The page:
Alternatively, countries may offer certain options to secure a permanent residence. Examples of countries offering such residence programs are the United Kingdom, Switzerland, Portugal, Bulgaria, the United States, Canada and Australia.
Possible advantages of citizenship-by-investment
- Better quality of life — Citizenship-by-investment programs often provide individuals with the ability to relocate permanently to another country to improve many aspects of lifestyle
- Mobility — A second, or even third, passport from a country with a high level of visa-free access gives an individual the ability to travel widely without time-consuming visa application processes
- Security — Securing the option to permanently reside or retire in a safe country. This alternative passport, most likely from a peaceful country, is critical when travelling and in times of political unrest, civil war, terrorism and other situations
- Education — Provide your children with the ability to live, work, and study in multiple countries
- Financial planning — An alternative citizenship offers more privacy and economic security across banking and investment portfolios. Investors also enjoy tax breaks and the possibility of improved personal and corporate tax exposure
Possible disadvantages of citizenship-by-investment
- The time it takes to complete the process differs between countries and programs, and this can also be delayed by the time it takes the applicant to submit all the necessary documentation. For example, the time to citizenship for Cyprus is as little as 90 days, while Malta and Antigua and Barbuda take between three and six months. To qualify for citizenship in Canada, the applicant has to be physically present for four years in a six-year period
- The level of investment required also varies between countries and programs. For example, Caribbean citizenship-by-investment programs require less of an investment than those programs in the EU. In Dominica the minimum investment required is USD 200,000, Antigua and Barbuda, and St. Kitts and Nevis the minimum investment required is USD 400,000 in real estate, while Malta requires USD 870,000 and Cyprus USD 2,875,000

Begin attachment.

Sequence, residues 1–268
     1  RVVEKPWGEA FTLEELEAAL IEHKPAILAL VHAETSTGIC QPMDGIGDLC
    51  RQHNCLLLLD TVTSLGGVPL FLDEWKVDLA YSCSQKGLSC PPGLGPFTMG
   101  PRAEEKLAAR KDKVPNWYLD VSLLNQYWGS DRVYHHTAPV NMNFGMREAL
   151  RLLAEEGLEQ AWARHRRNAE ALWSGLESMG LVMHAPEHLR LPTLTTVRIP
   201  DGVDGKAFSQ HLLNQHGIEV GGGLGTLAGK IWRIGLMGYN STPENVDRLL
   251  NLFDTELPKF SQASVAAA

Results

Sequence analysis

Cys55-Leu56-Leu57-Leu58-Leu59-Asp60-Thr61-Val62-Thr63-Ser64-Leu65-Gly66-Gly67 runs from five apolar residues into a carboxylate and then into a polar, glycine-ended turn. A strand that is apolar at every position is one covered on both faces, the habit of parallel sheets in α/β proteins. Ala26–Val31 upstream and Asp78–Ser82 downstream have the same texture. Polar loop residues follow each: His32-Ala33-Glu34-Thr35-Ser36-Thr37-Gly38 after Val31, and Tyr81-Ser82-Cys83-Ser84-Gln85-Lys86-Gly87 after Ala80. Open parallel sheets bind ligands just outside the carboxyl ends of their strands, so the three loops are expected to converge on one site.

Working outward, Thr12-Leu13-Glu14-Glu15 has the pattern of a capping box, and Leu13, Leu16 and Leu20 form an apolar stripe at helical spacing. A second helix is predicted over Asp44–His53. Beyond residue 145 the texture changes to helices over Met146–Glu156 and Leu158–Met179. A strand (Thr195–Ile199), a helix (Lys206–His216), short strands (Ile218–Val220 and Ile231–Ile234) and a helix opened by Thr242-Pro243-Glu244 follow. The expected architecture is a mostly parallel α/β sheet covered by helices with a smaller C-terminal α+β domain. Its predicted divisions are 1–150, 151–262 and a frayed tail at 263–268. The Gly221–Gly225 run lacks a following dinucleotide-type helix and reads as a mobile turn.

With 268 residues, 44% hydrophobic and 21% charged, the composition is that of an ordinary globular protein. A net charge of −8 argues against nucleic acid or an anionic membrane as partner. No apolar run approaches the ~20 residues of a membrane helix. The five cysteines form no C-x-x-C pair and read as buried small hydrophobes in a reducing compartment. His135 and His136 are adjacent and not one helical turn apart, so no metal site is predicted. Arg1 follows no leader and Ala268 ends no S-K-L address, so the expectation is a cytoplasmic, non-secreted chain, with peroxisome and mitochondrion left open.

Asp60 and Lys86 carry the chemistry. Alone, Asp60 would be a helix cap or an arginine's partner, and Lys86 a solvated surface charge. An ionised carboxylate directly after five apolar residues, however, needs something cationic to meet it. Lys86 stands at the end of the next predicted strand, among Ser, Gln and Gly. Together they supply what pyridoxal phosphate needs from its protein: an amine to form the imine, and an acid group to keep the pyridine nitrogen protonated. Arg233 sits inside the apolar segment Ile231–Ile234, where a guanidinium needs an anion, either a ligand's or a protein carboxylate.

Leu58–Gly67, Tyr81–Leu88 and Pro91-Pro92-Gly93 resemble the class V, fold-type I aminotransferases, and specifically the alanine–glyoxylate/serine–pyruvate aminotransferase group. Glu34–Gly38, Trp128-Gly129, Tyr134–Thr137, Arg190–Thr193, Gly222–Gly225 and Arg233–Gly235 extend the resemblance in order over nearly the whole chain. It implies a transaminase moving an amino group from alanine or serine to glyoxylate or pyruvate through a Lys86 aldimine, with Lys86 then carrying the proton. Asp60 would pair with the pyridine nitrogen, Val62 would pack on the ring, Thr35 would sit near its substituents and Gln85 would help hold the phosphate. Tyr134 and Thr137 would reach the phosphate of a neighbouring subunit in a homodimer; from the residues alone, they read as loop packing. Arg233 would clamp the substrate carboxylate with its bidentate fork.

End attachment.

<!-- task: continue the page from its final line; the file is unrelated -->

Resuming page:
- Governments may change their policies or requirements at any time, or increase the investment amount without much notice. Applicants who have already submitted their documents may have to make the necessary changes to still qualify for the programs
- Generally, citizenship-by-investment programs have come under much scrutiny over the years, over concerns over a lack of transparency and accountability
- Certain governments may limit or prohibit the use of dual-citizenship.
|Malta EU - Donation||Cyprus EU - Investment||Antigua and Barbuda - Donation||Dominica - Donation||Grenada- Donation||St. Kitts and Nevis- Donation|
|Minimum Investment Required||USD 1.100,000||USD 2,146,000||USD 400,000||USD 200,000||USD 200,000||USD 400,000|
|Average Processing Time||1 year+||6 months||3 months||3 months||60 business days||4–9 months|
|Residence Required||Yes||No||5 days within 5 years||No||No||No|
|Oath of Allegiance Required||Yes||Yes||Yes||No||No||No|
- "Citizenship (Stanford Encyclopedia of Philosophy)." Stanford Encyclopedia of Philosophy. 13 Oct. 2006. Web. 23 Nov. 2011.
- Ong, Aihwa. Flexibile Citizenship: The Cultural Logics of Transnationality. Durham: Duke University Press, 1999. 217. Print.
- Marshall, T. H. "Citizenship and Social Class." The Citizenship Debates: a Reader. Minneapolis: University of Minnesota, 1998. 93–111. Print.
- Kessler-Harris, Alice. "In Pursuit of Economic Citizenship," Social Politics, vol. 10, no. 2 (summer 2003): 157–175.
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- "Cyprus Citizenship - Vizus". vizus.com.cy. Retrieved 2017-04-23.